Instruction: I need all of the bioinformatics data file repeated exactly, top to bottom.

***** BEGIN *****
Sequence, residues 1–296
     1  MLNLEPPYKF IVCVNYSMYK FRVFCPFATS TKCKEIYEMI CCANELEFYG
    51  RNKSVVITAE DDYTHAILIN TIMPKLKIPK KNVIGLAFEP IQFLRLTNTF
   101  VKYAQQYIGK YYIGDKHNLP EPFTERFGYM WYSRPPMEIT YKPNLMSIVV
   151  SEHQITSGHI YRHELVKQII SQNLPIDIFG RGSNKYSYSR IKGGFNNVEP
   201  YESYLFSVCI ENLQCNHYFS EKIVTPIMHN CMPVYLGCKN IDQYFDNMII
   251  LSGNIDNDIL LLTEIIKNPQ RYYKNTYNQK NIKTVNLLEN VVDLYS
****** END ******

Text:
Sequence, residues 1–296
     1  MLNLEPPYKF IVCVNYSMYK FRVFCPFATS TKCKEIYEMI CCANELEFYG
    51  RNKSVVITAE DDYTHAILIN TIMPKLKIPK KNVIGLAFEP IQFLRLTNTF
   101  VKYAQQYIGK YYIGDKHNLP EPFTERFGYM WYSRPPMEIT YKPNLMSIVV
   151  SEHQITSGHI YRHELVKQII SQNLPIDIFG RGSNKYSYSR IKGGFNNVEP
   201  YESYLFSVCI ENLQCNHYFS EKIVTPIMHN CMPVYLGCKN IDQYFDNMII
   251  LSGNIDNDIL LLTEIIKNPQ RYYKNTYNQK NIKTVNLLEN VVDLYS